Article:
Salesforce's AI Economist aims to help leaders design tax policies

Ultimately, Salesforce's AI Research team says, the objective is to help leaders create policies that can lead to specific social objectives like helping the middle class.
Written by Stephanie Condon, Senior Writer

Salesforce Research on Wednesday unveiled the AI Economist, a new line of research leveraging reinforcement learning to help policymakers predict the outcomes of various tax policies. The ultimate objective, Salesforce's AI researchers say, is to help leaders create policies that achieve specific social objectives like helping the middle class. 

"Our model gives economists and policy-makers additional tools on which they can base their decisions," Lead Research Scientist Nikhil Naik said in a Salesforce blog post. "By simulating millions of years of economies and finding a variety of tax frameworks, the AI Economist can predict how people would actually respond to a tax, like whether it will incentivize them to work more or work less." 

The new AI framework uses a collection of AI agents to simulate how real people might react to different taxes. Each AI agent earns money by collecting and trading resources and building houses. They learn to maximize their utility (or happiness) by adjusting their movement, trading, and building behavior. While the simulation is running, the AI Economist learns to optimize taxes and subsidies to promote specific objectives.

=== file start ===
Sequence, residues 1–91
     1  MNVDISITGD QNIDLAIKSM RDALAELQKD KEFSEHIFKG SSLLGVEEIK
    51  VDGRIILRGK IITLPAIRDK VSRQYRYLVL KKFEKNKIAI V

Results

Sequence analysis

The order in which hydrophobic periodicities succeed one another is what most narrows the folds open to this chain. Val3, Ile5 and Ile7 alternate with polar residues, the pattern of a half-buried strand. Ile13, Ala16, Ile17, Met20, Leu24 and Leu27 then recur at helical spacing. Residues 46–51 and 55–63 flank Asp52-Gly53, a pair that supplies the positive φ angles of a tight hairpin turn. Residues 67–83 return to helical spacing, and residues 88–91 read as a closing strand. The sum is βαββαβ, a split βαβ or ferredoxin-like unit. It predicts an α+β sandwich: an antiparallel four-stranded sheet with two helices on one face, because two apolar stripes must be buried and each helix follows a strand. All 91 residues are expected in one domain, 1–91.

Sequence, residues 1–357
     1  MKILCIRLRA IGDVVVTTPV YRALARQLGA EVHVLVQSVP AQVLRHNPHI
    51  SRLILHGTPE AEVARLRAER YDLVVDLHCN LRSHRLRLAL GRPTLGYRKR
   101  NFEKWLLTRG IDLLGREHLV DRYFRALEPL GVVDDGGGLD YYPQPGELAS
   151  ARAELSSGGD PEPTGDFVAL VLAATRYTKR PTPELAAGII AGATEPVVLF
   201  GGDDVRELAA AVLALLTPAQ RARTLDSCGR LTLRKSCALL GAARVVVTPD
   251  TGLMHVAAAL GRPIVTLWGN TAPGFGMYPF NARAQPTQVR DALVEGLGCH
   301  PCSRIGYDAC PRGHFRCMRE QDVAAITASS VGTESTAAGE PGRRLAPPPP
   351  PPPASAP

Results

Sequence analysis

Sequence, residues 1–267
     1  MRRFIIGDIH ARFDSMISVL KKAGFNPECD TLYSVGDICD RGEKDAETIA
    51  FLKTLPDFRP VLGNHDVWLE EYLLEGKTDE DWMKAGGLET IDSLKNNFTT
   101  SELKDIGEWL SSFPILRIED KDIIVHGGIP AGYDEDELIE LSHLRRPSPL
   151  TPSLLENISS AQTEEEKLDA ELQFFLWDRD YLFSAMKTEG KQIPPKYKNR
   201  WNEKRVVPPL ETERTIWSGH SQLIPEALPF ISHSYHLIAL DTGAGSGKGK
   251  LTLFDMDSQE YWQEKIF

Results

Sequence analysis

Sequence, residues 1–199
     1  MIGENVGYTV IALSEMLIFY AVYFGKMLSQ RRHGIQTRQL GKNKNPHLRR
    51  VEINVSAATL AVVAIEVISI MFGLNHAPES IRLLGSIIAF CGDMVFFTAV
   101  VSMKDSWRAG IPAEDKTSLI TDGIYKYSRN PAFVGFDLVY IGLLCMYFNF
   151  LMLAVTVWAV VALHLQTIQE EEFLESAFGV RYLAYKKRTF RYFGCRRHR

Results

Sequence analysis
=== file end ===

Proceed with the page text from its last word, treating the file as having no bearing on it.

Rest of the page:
The research is based on the premise that the right tax policy can strike an "optimal" balance between productivity and equality. While there are certainly policies that can increase both productivity and equality, a market economy does inherently create trade-offs between the two.

Using economic models to predict the outcomes of various tax policies can be difficult, the researchers noted in a blog post, because they fail to account for the dynamic nature of the economy -- policies are always changing, and workers gain new skills.  

"Economic theory cannot fully model the complexities of the real world," they wrote. "Instead, tax theory relies on simplifying assumptions that are hard to validate, for example, about the effect of taxes on how much people work. Moreover, real-world experimentation with taxes is almost impossible."

Using AI can overcome some of those challenges, they posit. At the same time, the team acknowledged that "AI-based economic simulations still have limitations." 

"They do not yet model human-behavioral factors and interactions between people, including social considerations, and they consider a relatively small economy," the blog post said. "However, these kinds of simulations provide a transparent and objective view on the economic consequences of different tax policies. Moreover, this simulation and data-driven approach can be used together with any social objective in order to automatically find a tax policy with strong performance."

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